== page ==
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Old 02-07-2003, 09:54 AM   #1
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Solder

what is the best solder to Solder Motor Leads,
Speed Control Leads and Batteries Together?
it has to be a good solder for Silver and Gold Plated Surfaces..
what does sn60/40 mean?
should i use lead free solder?
is silversolder better?
plz help..
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Old 02-07-2003, 10:08 AM   #2
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Don't worry too much about solder. The 60/40 rosin core (NOT acid core) solder will work well. The 'silver' solder is only 2% silver and costs twice as much as standard 60/40.

Worry about your soldering iron. Get a good one. Get at least a 60 watt iron and you'll make your life even easier if you get an adjustable one (hakko, weller). They last a long time and make soldering much easier.
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Old 02-07-2003, 10:31 AM   #3
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and always remember... less is better. The actual wire touching the motor lead conducts electricity way better than the solder itself.
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Old 02-07-2003, 10:31 AM   #4
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I agree with you. The purchase of my Hakko Solerdering iron was one of the best investments i made. You will be surprised by how much easier it is to solder with a good iron.

Good luck!
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Old 02-07-2003, 11:15 AM   #5
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Default battery assembly

Battery packs are the hardest to solder together. There are a couple of threads here with some very good information in them.
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Old 02-07-2003, 01:29 PM   #6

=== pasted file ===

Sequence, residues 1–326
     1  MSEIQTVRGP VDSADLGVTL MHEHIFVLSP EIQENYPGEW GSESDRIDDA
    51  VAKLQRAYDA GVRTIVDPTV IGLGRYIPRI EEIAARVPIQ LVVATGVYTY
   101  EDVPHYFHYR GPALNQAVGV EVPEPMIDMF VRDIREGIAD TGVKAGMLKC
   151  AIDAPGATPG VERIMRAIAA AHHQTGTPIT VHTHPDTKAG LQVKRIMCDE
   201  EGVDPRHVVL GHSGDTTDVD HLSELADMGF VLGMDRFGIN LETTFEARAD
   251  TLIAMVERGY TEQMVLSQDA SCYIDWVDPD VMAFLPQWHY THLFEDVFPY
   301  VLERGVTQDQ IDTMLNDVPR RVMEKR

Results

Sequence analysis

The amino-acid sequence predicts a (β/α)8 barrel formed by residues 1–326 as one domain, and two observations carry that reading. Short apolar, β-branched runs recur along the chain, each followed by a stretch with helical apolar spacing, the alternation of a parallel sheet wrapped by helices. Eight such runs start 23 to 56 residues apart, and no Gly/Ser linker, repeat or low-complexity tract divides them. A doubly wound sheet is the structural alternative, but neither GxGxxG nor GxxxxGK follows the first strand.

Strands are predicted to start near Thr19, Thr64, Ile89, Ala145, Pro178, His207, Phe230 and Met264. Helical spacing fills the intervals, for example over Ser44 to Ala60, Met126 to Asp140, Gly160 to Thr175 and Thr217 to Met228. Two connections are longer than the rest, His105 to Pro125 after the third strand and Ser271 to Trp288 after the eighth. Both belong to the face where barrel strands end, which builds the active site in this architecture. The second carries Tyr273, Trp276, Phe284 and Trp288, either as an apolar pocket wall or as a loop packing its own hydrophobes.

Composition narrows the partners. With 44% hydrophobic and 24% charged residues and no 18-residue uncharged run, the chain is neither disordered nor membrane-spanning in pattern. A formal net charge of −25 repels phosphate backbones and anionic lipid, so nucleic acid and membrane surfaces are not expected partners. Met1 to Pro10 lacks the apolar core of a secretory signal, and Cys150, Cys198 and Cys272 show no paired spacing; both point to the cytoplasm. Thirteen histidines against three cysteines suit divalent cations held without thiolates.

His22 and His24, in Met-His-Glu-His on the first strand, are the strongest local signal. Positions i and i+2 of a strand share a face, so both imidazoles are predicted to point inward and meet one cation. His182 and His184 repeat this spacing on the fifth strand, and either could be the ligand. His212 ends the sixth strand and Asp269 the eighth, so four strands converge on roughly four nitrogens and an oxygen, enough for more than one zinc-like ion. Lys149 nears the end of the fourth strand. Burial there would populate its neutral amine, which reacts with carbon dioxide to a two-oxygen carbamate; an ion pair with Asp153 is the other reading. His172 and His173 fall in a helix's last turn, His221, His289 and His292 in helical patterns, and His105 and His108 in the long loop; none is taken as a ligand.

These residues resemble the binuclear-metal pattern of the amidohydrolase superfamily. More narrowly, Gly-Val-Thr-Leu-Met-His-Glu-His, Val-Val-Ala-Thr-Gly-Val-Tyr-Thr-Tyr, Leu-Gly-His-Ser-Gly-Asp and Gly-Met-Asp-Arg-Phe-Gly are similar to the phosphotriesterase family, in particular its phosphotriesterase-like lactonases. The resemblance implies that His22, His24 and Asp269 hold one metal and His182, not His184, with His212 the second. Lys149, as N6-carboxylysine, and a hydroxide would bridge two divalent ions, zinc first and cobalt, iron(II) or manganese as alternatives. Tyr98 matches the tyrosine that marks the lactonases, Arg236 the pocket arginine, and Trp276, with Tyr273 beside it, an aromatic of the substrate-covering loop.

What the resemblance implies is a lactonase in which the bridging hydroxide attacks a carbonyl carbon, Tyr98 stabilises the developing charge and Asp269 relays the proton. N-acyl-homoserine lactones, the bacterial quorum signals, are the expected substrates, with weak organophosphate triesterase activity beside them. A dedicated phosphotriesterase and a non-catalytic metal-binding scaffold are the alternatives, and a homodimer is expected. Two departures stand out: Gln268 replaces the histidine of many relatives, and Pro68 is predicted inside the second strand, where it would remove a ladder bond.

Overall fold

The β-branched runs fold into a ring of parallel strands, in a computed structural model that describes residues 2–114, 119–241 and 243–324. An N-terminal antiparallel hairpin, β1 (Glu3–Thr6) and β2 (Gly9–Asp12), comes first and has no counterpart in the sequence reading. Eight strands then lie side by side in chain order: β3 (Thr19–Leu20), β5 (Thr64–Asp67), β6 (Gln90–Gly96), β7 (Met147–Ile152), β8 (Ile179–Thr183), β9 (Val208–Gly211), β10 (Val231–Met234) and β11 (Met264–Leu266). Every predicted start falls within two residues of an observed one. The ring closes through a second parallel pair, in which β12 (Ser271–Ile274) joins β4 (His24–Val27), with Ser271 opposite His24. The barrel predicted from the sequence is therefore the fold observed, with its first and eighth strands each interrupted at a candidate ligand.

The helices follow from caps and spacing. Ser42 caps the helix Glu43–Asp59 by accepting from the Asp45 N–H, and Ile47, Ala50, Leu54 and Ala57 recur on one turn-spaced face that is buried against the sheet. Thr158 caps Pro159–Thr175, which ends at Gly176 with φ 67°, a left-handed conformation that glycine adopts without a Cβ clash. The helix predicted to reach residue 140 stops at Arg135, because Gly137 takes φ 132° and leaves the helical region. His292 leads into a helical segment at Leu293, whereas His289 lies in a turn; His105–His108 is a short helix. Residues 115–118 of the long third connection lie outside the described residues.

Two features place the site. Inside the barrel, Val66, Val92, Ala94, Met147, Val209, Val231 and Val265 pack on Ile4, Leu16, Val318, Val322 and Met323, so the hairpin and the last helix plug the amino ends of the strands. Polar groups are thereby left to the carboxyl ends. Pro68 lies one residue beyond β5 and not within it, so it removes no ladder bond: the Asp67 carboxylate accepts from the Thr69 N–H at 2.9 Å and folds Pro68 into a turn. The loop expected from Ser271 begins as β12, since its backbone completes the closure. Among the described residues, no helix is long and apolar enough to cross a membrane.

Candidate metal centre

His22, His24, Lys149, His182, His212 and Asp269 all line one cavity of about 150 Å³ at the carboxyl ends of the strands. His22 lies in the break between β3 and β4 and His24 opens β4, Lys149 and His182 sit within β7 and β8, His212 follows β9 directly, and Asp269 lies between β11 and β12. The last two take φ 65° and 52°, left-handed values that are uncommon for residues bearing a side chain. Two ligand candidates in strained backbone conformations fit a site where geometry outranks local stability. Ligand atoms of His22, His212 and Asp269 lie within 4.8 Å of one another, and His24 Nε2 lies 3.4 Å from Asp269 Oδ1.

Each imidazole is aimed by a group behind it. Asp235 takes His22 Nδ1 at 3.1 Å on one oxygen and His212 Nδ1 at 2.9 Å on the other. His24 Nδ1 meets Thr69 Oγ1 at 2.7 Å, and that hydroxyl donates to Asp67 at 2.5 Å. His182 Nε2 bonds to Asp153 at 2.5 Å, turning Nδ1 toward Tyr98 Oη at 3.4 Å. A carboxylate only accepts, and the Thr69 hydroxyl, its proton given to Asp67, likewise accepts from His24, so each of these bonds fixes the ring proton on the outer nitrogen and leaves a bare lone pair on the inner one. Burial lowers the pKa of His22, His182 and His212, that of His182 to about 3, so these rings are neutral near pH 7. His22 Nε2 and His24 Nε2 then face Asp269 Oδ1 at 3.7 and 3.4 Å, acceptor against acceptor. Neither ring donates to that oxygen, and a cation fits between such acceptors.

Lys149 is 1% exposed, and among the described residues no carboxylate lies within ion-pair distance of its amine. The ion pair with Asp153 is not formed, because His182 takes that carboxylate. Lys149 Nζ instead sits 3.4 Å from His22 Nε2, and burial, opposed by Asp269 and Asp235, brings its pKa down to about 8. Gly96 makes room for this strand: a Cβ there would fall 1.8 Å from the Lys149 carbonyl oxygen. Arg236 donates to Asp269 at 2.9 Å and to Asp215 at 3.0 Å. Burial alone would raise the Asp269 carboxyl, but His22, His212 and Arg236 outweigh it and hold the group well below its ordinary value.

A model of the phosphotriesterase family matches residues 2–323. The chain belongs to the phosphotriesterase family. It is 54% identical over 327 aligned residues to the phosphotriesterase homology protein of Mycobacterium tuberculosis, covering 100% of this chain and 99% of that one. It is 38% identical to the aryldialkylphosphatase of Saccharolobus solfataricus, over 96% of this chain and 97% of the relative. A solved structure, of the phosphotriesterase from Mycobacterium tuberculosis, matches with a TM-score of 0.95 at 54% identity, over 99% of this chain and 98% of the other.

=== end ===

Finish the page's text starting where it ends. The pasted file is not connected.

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ok
i should go with sn60pb40 solder?
or sn60pb38cu2 ?
allways with rosin core, and about 1mm dimeter, right?
but what about silver solder, i spennd 200$ for a speedo with very low resistance, so i will spend 5$ more for good solder
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Old 02-07-2003, 02:04 PM   #7
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Honestly, silver solder won't make a very noticable(if it's noticable at all) difference. The point of soldering in the first place is to join 2 materials together, not have anything between them. The more solder is between the objects you're soldering, the more resistance you'll have to deal with, so it's best to use as little solder as possible & be able to do it as quickly as possible. That's an advantage for regular 60/40 solder, as it's melting point is slightly lower than silver solder(which means you can use a bit less & it'll flow quickly, which is also easy on things like batteries that are sensitive to extreme heat). As for the diameter of the stuff, I'd use the thinnest stuff you can get, so you'll have more precise control over just how much you use. Just make sure that the 2 surfaces you're connecting(like battery bar to battery, for example)are making solid contact when you apply heat & solder, if you did everything right, you won't notice if you used silver solder or not(& in case you're wondering how I might know anything about this, I work on electronics for a living as an avionics technician).....